Who are you voting to power?
If you want to build a lasting habit, ask yourself: ‘𝐖𝐡𝐨 𝐚𝐦 𝐈 𝐯𝐨𝐭𝐢𝐧𝐠 𝐭𝐨 𝐩𝐨𝐰𝐞𝐫?’
I had good grades through school. They started falling in freshman year. ‘I’m smart,’ I reassured myself. I waited for things to change.
Nothing did. My friends were the brightest young minds in the country. I was no longer smarter. But because I identified as smart, I did what I had always done: I worked only when I had to. For short bursts, I pushed myself but in the face of sketchy results, I lost motivation.
𝐈 𝐡𝐚𝐝 𝐭𝐫𝐢𝐞𝐝 𝐭𝐨 𝐜𝐡𝐚𝐧𝐠𝐞 𝐦𝐲 𝐡𝐚𝐛𝐢𝐭𝐬 (𝐬𝐭𝐮𝐝𝐲 𝐦𝐨𝐫𝐞 𝐫𝐞𝐠𝐮𝐥𝐚𝐫𝐥𝐲) 𝐰𝐢𝐭𝐡𝐨𝐮𝐭 𝐜𝐡𝐚𝐧𝐠𝐢𝐧𝐠 𝐦𝐲 𝐢𝐝𝐞𝐧𝐭𝐢𝐭𝐲 (𝐧𝐨𝐭 𝐬𝐦𝐚𝐫𝐭 𝐛𝐮𝐭 𝐡𝐚𝐫𝐝-𝐰𝐨𝐫𝐤𝐢𝐧𝐠).
Our identities are powerful forces. At the very basic, they are labels. At their core, they carry a force that can hold us back or propel us forward.
James Clear, author of Atomic Habits, suggests approaching habit change by building your desired identity first. See yourself as an athlete and you’ll run, good day or bad.
He compares building a habit to voting to power the person you want to become. The present you is in power today but the new you can win by collecting more votes. Votes are actions. Persist with good actions and the votes for the new you stack up. You’re on track to topple the incumbent!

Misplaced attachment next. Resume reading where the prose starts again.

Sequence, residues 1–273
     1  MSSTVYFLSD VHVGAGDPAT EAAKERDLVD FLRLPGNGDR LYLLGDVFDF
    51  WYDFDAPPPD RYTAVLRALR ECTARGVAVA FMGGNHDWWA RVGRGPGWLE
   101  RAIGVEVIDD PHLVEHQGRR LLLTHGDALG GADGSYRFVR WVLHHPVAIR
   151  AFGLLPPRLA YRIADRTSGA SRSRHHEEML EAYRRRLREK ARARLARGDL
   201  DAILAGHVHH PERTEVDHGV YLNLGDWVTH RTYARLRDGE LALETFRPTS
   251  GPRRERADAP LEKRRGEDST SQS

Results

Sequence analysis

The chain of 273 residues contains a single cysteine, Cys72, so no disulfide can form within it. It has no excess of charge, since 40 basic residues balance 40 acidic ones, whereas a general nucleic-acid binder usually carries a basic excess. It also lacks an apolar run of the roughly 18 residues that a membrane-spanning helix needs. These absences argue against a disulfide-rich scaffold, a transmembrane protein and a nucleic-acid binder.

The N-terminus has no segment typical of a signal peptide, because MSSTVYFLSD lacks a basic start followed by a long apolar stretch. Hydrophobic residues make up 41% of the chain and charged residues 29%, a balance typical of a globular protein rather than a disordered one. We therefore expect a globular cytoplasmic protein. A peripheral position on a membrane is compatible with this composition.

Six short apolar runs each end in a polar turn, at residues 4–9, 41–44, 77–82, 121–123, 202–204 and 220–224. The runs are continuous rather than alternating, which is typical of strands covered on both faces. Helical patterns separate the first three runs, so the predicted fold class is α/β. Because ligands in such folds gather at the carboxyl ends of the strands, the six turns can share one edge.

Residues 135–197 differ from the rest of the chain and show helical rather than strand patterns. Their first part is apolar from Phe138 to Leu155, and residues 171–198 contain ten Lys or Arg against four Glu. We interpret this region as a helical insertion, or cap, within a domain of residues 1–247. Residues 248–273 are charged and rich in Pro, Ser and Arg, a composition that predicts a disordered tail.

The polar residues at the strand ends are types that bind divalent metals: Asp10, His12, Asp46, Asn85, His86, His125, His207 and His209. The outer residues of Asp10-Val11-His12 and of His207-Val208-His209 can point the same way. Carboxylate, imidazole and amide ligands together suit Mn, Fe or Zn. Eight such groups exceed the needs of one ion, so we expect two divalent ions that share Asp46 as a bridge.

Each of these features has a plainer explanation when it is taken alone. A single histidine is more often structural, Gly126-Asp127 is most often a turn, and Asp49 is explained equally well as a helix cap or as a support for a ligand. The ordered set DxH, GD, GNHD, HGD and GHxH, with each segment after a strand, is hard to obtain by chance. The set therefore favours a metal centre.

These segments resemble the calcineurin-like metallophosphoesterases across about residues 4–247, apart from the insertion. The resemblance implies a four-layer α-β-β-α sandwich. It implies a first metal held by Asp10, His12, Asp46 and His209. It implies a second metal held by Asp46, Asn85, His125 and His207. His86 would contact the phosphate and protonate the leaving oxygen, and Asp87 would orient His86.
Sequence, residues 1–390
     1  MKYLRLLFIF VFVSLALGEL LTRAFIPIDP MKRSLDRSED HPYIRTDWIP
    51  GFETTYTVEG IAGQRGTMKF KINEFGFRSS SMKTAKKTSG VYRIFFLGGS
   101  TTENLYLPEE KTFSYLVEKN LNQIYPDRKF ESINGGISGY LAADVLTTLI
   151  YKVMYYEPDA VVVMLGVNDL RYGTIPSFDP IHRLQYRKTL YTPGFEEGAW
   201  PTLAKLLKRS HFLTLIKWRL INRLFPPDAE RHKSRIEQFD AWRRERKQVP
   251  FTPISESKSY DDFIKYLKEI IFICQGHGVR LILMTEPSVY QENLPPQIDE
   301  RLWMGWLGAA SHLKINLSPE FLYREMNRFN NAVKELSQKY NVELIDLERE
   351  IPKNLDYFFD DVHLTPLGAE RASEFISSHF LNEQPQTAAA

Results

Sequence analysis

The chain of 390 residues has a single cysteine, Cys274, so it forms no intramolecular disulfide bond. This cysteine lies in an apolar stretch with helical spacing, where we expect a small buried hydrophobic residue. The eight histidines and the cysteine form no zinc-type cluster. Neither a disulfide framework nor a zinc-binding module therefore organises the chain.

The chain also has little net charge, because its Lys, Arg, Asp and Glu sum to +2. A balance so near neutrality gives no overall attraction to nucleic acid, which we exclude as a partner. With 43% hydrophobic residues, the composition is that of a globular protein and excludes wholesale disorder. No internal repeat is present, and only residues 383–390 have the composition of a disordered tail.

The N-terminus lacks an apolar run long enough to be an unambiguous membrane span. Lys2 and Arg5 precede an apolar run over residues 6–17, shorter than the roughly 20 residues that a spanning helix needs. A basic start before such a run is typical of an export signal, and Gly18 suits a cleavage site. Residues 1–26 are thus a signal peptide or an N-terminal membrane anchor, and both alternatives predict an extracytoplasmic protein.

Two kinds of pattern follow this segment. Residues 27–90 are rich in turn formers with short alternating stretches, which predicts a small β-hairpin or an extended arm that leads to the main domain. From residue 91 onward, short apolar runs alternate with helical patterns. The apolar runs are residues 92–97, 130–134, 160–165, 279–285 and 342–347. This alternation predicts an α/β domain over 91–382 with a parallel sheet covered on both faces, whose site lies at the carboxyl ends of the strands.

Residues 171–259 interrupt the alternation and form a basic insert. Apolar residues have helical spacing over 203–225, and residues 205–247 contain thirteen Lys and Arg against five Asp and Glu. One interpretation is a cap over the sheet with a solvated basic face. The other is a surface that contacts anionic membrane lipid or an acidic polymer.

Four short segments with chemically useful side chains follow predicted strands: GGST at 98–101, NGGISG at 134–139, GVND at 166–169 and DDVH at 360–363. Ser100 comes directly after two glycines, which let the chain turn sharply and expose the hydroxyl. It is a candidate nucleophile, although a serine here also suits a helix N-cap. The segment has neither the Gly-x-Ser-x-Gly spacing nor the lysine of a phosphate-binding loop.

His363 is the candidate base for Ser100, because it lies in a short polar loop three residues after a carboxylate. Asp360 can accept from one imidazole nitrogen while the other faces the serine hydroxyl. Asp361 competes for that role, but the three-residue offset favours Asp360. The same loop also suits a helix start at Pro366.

Now imagine the campaign without your future self. There’s only one candidate–the current you. You don’t like her but in the absence of an alternative, the status quo prevails. That is what had happened to the freshman me.
𝐓𝐢𝐩 1: 𝐈𝐝𝐞𝐧𝐭𝐢𝐭𝐢𝐞𝐬 𝐰𝐨𝐫𝐤 𝐟𝐨𝐫 𝐛𝐮𝐢𝐥𝐝𝐢𝐧𝐠 𝐡𝐚𝐛𝐢𝐭𝐬 𝐛𝐞𝐜𝐚𝐮𝐬𝐞 𝐭𝐡𝐞𝐲 𝐞𝐬𝐭𝐚𝐛𝐥𝐢𝐬𝐡 𝐫𝐮𝐥𝐞𝐬 𝐭𝐡𝐚𝐭 𝐟𝐫𝐞𝐞 𝐮𝐩 𝐲𝐨𝐮𝐫 𝐝𝐞𝐜𝐢𝐬𝐢𝐨𝐧-𝐦𝐚𝐤𝐢𝐧𝐠. 𝐈𝐟 𝐲𝐨𝐮 𝐬𝐞𝐞 𝐲𝐨𝐮𝐫𝐬𝐞𝐥𝐟 𝐚𝐬 𝐚 𝐰𝐫𝐢𝐭𝐞𝐫, 𝐲𝐨𝐮 𝐰𝐚𝐤𝐞 𝐮𝐩 𝐞𝐯𝐞𝐫𝐲 𝐦𝐨𝐫𝐧𝐢𝐧𝐠 𝐚𝐧𝐝 𝐰𝐫𝐢𝐭𝐞. 𝐍𝐨 𝐡𝐢𝐭𝐭𝐢𝐧𝐠 𝐬𝐧𝐨𝐨𝐳𝐞 𝐚𝐧𝐝 𝐭𝐞𝐥𝐥𝐢𝐧𝐠 𝐲𝐨𝐮𝐫𝐬𝐞𝐥𝐟 𝐭𝐡𝐚𝐭 𝐲𝐨𝐮’𝐯𝐞 𝐛𝐞𝐞𝐧 𝐠𝐨𝐨𝐝 𝐚𝐥𝐥 𝐰𝐞𝐞𝐤.
𝐓𝐢𝐩 2: 𝐓𝐡𝐞 𝐯𝐨𝐭𝐢𝐧𝐠 𝐬𝐲𝐬𝐭𝐞𝐦 𝐡𝐚𝐬 𝐚 𝐬𝐞𝐜𝐨𝐧𝐝𝐚𝐫𝐲 𝐛𝐞𝐧𝐞𝐟𝐢𝐭. 𝐈𝐭 𝐚𝐥𝐥𝐨𝐰𝐬 𝐲𝐨𝐮 𝐭𝐨 𝐛𝐞 𝐤𝐢𝐧𝐝 𝐭𝐨 𝐲𝐨𝐮𝐫𝐬𝐞𝐥𝐟. 𝐘𝐨𝐮 𝐝𝐨𝐧’𝐭 𝐡𝐚𝐯𝐞 𝐭𝐨 𝐰𝐢𝐧 𝐚𝐥𝐥 𝐭𝐡𝐞 𝐯𝐨𝐭𝐞𝐬, 𝐣𝐮𝐬𝐭 𝐦𝐨𝐫𝐞. 𝐒𝐨 𝐢𝐟 𝐲𝐨𝐮 𝐝𝐨 𝐡𝐢𝐭 𝐬𝐧𝐨𝐨𝐳𝐞, 𝐲𝐨𝐮 𝐪𝐮𝐢𝐜𝐤𝐥𝐲 𝐥𝐞𝐚𝐫𝐧 𝐭𝐨 𝐟𝐨𝐫𝐠𝐢𝐯𝐞 𝐲𝐨𝐮𝐫𝐬𝐞𝐥𝐟 𝐚𝐧𝐝 𝐠𝐞𝐭 𝐲𝐨𝐮𝐫 𝐜𝐚𝐦𝐩𝐚𝐢𝐠𝐧 𝐛𝐚𝐜𝐤 𝐨𝐧 𝐭𝐫𝐚𝐜𝐤.
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